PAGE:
Ethical, social and clinical challenges in using Deep Brain Stimulation to treat addiction and other impulsive and compulsive disorders

Adrian Carter, Philip E Mosley, Cynthia Forlini, Wayne Dallas Hall

Research output: Contribution to journalArticleResearchpeer-review


Addiction to alcohol, tobacco and other drugs, and other compulsive disorders, such as pathological gambling and overeating, are major causes of preventable disease burden globally. Addictions also cause significant personal distress to individuals and their loved ones. Effective long-term treatments for most addictions remain elusive, with the possible exception of substituting a drug of addiction with a similar less harmful drug (e.g. methadone for heroin addiction). Growing interest in the neurobiological mechanisms of addiction, and the successful application of deep brain stimulation (DBS) for neurological disorders, such as Parkinson?s disease and dystonia, as well as some psychiatric disorders (e.g. depression), has led to calls for trials of DBS to treat addictive and compulsive disorders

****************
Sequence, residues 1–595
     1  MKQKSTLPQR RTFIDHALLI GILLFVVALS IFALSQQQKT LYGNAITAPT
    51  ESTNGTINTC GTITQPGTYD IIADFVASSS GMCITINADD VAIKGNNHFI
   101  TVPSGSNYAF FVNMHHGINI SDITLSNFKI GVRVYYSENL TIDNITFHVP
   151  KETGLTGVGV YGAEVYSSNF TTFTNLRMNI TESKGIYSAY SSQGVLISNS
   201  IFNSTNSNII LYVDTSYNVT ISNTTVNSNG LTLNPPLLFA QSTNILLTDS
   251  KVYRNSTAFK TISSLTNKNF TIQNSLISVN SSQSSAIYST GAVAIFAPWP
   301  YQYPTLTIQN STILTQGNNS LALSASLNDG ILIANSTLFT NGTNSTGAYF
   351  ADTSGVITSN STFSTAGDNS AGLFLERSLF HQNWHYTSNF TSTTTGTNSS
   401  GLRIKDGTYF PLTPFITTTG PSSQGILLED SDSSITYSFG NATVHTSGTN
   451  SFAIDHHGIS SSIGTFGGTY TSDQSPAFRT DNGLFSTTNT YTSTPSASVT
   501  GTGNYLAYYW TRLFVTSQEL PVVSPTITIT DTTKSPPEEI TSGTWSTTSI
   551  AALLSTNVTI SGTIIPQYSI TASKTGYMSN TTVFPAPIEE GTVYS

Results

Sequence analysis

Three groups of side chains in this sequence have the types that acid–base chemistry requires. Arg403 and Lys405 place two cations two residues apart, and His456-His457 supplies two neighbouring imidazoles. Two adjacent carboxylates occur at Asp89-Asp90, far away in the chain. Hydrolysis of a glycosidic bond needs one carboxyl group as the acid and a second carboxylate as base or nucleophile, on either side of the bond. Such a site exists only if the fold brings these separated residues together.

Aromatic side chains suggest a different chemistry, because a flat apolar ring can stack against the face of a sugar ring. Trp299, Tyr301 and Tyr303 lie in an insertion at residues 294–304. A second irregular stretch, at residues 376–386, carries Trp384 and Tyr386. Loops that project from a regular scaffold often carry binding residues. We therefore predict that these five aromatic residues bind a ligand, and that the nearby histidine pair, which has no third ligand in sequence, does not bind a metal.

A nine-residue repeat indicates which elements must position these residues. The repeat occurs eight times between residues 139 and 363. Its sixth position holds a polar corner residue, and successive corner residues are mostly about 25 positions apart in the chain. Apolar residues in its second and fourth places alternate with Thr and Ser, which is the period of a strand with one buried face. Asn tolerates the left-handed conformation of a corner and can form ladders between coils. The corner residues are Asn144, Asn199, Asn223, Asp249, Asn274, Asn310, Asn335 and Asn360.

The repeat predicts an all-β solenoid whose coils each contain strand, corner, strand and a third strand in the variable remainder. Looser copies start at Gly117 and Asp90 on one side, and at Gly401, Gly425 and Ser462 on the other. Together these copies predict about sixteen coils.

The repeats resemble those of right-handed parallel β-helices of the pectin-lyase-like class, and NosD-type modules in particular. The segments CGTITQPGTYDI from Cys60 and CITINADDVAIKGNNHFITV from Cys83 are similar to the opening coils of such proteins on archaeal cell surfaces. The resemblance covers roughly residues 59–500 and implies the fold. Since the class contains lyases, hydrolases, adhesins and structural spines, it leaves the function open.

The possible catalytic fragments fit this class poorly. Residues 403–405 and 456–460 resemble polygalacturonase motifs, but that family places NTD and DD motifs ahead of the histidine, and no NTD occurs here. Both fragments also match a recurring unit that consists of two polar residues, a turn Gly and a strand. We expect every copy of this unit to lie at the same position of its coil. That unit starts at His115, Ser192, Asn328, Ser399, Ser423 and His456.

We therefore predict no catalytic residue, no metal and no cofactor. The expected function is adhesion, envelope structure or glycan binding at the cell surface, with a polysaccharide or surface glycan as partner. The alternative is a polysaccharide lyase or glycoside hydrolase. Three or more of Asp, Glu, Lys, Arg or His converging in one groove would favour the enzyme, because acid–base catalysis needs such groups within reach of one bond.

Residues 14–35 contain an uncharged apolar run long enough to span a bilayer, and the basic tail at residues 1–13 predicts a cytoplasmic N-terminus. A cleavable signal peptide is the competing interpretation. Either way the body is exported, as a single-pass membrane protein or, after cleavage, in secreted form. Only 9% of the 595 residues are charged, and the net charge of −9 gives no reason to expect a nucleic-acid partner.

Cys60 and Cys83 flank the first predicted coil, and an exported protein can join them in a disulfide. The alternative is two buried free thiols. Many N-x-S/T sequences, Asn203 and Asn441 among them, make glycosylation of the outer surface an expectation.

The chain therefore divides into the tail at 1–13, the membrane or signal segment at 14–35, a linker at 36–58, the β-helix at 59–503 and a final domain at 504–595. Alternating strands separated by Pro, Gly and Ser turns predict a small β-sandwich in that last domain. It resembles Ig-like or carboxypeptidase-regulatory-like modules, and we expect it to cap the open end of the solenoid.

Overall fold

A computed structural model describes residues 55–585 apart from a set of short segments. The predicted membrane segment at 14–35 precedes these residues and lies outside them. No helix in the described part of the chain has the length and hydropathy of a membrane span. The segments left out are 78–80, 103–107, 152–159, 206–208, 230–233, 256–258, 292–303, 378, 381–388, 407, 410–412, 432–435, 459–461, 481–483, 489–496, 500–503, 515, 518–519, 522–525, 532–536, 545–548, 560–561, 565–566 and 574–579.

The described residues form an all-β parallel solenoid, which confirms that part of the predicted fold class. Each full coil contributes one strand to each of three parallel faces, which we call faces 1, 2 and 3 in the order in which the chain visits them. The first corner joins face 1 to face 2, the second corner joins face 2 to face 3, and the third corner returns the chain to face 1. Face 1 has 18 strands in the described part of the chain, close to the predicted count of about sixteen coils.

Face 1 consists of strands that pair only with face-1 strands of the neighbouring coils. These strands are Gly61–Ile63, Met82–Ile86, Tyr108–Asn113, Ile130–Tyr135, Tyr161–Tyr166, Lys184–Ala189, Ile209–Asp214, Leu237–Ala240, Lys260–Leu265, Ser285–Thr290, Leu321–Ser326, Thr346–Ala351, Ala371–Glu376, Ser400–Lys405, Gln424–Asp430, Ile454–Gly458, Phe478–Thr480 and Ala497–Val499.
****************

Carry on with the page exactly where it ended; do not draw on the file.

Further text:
Original languageEnglish
Pages (from-to)163-188
Number of pages26
JournalJahrbuch fuer Wissenschaft und Ethik
Issue number1
Publication statusPublished - 2015
Externally publishedYes

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